The artifacts unearthed in Anuradhapura, Tissamaharama, Mantottam (Mantai and Mannar) and Kantarodai in Sri Lanka confirm that these areas had been with ancient human settlements and important urbanized sites from the beginning of the proto-historic period. Accordingly in Kantarodai, on a plot of land of an area of 2 square km. located at a height of 28- 30 feet above mean sea level, soil strata with archaeological evidence discovered to evince that ancient human settlements had been in existence in the past. This region surrounded by a naturally fertile soil strata with the water resources of Walukkaiyaru linking Kantarodai were sufficient reasons to believe for the occurrence of these ancient settlements. People have lived in these regions since proto-historic period.

Further, ancient harbours around the Jaffna Peninsula such as Jambukolapattna (Kankesanturai), Kayts (Sukaratittha or Uratota) and Mantai (Mantottam) had opportunities to have trade and cultural links with countries such as China, India, and Rome, found at Kantarodai. The pillar inscription found at Kantarodai provides information about the alms offered to the Buddhist temple in the vicinity by King 4th Dhappula who ruled the country from Anuradhapura, the capital. A Sinhala literary text titled ‘Nampota’ belonging to the Kandyan period refers to the North of Sri Lanka as Tamil Paddanam (Damela Paddina) and Kantarodai as one of the places where Buddhist temples such as Kadurugoda Viharaya were situated.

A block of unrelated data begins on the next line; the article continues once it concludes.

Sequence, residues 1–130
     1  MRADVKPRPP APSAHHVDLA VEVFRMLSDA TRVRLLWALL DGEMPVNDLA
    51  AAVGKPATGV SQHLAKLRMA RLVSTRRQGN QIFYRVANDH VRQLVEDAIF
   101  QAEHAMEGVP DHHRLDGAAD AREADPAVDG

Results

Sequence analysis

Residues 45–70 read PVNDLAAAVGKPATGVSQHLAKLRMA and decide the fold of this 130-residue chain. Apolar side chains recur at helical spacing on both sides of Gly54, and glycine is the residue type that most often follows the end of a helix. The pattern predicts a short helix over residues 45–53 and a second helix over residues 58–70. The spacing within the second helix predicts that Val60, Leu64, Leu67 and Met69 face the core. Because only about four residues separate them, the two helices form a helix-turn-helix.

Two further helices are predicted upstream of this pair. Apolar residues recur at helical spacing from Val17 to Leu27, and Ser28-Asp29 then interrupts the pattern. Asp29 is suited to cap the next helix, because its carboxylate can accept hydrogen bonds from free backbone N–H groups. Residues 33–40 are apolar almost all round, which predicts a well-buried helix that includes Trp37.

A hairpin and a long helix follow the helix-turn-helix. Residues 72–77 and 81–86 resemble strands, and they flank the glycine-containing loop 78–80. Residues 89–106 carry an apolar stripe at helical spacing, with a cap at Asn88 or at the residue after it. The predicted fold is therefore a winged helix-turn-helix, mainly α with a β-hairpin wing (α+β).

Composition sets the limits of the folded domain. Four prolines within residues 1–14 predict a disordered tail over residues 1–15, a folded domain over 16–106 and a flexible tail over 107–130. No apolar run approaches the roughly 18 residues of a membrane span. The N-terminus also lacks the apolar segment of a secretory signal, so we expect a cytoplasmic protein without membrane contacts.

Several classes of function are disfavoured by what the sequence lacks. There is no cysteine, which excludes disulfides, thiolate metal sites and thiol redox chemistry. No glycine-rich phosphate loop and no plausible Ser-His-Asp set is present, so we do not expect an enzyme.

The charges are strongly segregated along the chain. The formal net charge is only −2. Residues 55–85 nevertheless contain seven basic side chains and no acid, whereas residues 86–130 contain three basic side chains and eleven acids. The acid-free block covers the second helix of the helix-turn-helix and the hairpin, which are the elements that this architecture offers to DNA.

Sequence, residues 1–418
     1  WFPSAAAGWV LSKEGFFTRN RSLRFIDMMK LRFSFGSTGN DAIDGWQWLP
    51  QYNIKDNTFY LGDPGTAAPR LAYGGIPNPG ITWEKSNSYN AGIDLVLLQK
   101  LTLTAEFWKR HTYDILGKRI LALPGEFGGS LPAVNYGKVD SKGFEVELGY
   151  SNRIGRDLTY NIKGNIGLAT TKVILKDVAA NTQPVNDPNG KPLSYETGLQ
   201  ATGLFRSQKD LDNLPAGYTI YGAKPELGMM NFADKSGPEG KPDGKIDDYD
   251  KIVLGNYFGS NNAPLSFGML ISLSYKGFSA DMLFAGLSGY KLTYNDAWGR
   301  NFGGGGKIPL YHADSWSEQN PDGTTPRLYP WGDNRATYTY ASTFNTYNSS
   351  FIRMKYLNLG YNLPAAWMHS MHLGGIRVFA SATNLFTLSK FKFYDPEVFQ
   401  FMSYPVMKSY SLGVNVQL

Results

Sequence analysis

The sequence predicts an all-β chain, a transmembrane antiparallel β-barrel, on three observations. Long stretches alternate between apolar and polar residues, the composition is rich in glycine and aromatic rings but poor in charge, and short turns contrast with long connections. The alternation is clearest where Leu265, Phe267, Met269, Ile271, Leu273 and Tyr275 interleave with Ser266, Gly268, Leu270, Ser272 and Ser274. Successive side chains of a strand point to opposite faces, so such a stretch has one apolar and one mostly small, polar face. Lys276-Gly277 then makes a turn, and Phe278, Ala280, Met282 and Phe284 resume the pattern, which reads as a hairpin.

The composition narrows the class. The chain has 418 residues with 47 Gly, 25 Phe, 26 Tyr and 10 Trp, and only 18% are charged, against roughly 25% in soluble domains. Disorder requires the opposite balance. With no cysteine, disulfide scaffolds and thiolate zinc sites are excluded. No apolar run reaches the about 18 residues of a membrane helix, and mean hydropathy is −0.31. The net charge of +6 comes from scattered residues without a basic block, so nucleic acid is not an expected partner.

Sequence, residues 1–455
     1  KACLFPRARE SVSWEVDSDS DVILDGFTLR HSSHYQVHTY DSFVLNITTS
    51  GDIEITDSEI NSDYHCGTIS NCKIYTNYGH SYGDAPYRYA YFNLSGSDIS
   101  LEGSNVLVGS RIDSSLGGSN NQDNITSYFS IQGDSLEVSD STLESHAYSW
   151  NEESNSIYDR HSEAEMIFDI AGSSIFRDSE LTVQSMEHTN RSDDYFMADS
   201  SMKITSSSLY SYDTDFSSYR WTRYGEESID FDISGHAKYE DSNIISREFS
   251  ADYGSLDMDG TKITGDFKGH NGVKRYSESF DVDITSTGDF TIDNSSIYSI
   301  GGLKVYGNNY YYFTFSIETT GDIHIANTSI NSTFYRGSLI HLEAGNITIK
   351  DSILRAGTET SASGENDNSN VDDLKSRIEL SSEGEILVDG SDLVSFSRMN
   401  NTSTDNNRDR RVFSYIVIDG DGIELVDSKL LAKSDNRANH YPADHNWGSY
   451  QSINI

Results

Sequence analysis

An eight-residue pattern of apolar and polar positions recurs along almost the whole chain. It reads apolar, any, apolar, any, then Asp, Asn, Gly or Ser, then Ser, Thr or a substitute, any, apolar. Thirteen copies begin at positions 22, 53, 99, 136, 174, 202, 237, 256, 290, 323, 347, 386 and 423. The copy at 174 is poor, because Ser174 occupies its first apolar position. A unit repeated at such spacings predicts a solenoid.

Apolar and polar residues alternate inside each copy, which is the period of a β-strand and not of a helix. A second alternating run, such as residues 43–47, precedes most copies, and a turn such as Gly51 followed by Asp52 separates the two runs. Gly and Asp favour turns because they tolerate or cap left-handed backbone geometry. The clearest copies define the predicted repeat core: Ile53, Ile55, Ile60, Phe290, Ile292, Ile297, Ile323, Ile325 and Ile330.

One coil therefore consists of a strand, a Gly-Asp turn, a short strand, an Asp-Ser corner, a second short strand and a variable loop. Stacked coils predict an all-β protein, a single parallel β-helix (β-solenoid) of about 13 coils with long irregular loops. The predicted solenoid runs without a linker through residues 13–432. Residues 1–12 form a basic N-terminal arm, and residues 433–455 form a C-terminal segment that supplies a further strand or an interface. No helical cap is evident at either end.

According to a historic legend, Buddha resolved a throne dispute between two Naga kings named ‘Culodara and Mahodara in Nagadipa and stayed in retreat for some time. Sixty monks who lived in Puvanativu (Punkudutivu) attained the ‘Arahantship’ and died after consuming poisoned food and their ashes were buried in this placeaaworld to reveal the historic antiquities of the region. Subsequently Sri Lankan Department of Archaeology conducted an excavationon archaeological research in 1966 in Kantarodai and discovered 57 small and medium sized Buddhist Stupas. Architectural skills could be recognized in these stupas and these stupas have been conserved with coral and lime stones for preservation. Architectural features of a stupaghara could be seen among the stupas as well.

Artifacts related to ancient settlements, statues, parts of buildings of stupas ect and archaeological evidence have been displayed in Jaffna Archeological Museum. Hence, this region assumed to be a place of human concentration in the ancient times, has been declared to be recognized as an archaeological reserve.